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Science with a Smile

In lectures and in person, Sir Michael Berry's wit and wisdom shine through

Sir Michael Berry
Sir Michael Berry

01/02/2017 - Trieste

Sir Michael Berry—self-described “dreamer and scribbler, of mathematics, mostly”—recently delivered a set of talks on superoscillations and wave physics for ICTP’s annual Salam Distinguished Lecture Series. His presentations had their fair share of mathematics, but also included many of Berry’s “scribbles”, colorful graphics generated from equations describing wave intensities.

“I like physics that you can see, natural phenomena,” admits Berry, during an interview held between his Salam lectures. Indeed, Berry has a name for his art—“eyemath”—that has evolved from the blackboards of Bristol University, UK, where he has been lecturing and drawing formulas for more than 50 years.

“A lot of time in physics you deal with mathematics that you just can’t work out only using formulas,” explains Berry. “When you make pictures, you can see into the math. This helps us to understand the content of the mathematics, and it helps communicate with colleagues and with people who are not scientists.”

In the interview, as well as behind the lectern, Berry exudes warmth and friendliness, as well as a keen sense of humor. During his first Salam Distinguished lecture he relates how, after thinking for years about a paradox presented to him by Yakir Aharonov, he has the epiphany that he had sensed the ideas behind the paradox years before it was presented to him.

“I have a name for these moments of sudden understanding,” he quips, “It is my contribution to elementary particle physics: what is the elementary particle of sudden understanding? It’s the clariton! In an instant, something becomes clear.” The flip side to that, Berry jokes, are the anti-claritons, that often come and annihilate the claritons.

It was a search for clarity that led Sir Michael to physics and mathematics in the first place. As a child, he was fascinated with astronomy, a gateway field for many future physicists. “I came to realize that underneath the astronomy was physics and maths. I studied physics at university, but found I was really clueless about the mathematics; somehow, though, it came naturally,” Berry explains. He adds, humbly, “It was a long time before I dared to admit that I was a physicist.”

Berry says he was honoured that ICTP invited him to deliver the Salam Distinguished Lecture Series, which is held every year on or near the ICTP founder’s 29 January. Although Berry never collaborated scientifically with Abdus Salam, he did meet him on several occasions, including in 1995 when Berry came to ICTP to receive its Dirac Medal.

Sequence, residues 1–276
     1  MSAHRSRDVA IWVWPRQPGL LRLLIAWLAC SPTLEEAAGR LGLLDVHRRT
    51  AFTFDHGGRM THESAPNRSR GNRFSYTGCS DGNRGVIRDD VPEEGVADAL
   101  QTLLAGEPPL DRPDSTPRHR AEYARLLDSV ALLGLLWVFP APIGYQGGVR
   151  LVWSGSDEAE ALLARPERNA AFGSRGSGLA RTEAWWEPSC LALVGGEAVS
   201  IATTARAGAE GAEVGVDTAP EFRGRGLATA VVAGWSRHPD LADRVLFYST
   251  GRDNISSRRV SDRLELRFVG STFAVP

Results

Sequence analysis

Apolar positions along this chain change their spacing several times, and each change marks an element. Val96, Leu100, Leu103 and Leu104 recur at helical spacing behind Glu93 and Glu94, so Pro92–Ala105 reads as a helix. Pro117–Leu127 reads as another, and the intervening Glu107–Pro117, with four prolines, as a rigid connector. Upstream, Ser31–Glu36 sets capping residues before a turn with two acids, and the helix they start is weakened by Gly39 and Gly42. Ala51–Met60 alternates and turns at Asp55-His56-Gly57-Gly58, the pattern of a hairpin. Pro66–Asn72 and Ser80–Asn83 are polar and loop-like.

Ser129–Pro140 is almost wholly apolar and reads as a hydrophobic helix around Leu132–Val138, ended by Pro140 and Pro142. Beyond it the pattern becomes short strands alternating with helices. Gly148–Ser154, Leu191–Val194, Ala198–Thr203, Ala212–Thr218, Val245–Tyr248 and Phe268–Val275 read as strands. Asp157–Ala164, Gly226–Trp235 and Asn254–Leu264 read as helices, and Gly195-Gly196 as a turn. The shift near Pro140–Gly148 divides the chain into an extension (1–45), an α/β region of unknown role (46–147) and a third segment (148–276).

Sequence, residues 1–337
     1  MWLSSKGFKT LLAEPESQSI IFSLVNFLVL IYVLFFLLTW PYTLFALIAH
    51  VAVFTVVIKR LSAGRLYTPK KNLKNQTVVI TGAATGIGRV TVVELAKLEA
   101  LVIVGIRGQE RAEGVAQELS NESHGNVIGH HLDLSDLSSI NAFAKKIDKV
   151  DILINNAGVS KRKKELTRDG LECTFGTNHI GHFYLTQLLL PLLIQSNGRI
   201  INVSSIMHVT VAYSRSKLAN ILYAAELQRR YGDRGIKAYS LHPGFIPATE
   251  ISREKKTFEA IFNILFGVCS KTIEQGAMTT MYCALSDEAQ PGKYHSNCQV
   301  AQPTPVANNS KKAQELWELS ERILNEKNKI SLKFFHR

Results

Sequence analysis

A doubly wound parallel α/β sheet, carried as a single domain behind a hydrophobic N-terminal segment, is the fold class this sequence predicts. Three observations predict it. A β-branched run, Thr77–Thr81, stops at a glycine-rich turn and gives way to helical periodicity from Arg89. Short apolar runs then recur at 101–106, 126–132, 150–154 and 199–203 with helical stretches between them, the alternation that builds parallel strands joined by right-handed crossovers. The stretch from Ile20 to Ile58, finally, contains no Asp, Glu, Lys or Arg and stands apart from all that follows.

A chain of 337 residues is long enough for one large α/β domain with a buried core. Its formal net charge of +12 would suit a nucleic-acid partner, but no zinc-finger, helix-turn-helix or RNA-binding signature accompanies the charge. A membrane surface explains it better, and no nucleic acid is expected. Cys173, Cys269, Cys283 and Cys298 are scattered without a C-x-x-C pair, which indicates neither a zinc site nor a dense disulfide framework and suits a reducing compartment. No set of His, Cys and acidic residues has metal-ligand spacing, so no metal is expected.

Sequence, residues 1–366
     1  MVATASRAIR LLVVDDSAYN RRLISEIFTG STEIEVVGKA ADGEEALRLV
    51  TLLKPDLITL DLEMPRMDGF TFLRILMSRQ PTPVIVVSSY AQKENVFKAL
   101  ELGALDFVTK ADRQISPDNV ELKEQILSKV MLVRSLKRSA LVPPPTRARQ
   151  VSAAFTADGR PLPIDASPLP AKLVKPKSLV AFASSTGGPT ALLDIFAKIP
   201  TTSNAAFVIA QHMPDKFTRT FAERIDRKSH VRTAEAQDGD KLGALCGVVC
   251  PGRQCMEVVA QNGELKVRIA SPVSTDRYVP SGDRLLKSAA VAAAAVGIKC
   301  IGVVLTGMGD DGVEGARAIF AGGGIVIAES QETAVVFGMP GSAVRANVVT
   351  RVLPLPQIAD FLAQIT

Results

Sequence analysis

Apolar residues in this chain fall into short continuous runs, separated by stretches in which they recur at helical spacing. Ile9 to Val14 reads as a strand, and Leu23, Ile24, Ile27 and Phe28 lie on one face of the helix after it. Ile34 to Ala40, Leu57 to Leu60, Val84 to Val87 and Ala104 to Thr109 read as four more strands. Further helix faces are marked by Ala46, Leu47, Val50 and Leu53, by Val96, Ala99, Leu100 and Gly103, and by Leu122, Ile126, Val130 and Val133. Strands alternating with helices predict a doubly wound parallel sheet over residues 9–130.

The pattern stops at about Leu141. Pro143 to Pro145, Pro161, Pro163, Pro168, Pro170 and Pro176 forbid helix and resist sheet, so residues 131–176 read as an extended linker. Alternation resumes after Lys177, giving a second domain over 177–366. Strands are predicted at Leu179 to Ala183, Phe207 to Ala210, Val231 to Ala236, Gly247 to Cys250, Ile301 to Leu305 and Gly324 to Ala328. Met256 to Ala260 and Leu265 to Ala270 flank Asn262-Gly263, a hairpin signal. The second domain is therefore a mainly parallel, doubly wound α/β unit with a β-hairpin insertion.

Sir Michael holds great admiration for Salam, not only for his science but also for his humanitarian side. “He is a good example of the fact that science crosses national and cultural borders, which is the whole message of ICTP,” says Berry, adding, “Whether you come from Asia or Africa, when you talk about physics, it is the same, and that’s a lovely thing. Because it is about nature, about the underlying concepts that make the natural world what it is, and that is really independent of us. It doesn’t depend on which culture we come from. Salam exemplified that.” Berry was also impressed by Salam’s impressive record for creating science institutes: “He was a mover and a shaker, he made things happen.”

Science’s culture-blindness has perhaps contributed to a curious protocol for scientific dialogue. Berry notes, “We’ve learned a strange trick as a community: how to disagree without being disagreeable. You can go to a scientific meeting and disagree with a presentation, but it is not hostile, it is a productive form of disagreement. I think this is something the world needs.”

One is left with the impression from his frequently lighthearted presentation style that Berry thinks the world also needs levity; or, in the case of his work with Nobel Laureate Andrey Geim, levitation. The two shared the 2000 Ig Nobel Prize in Physics for their flying frog experiment, which, while amusing on the surface, demonstrated some serious scientific principles about magnetism. Berry and Geim saw the award as an opportunity to educate the public about science. In a press release they issued on acceptance of the prize, they said, “We are pleased to accept the Ig prize because we have always considered it a duty to make physics more understandable and bring it closer to nonscientists.”

The two end their release with the statement, “Let there be more science with a smile”. For Berry, this philosophy underpins his science. “It’s what I do most of the time, so why not enjoy it?”

--Mary Ann Williams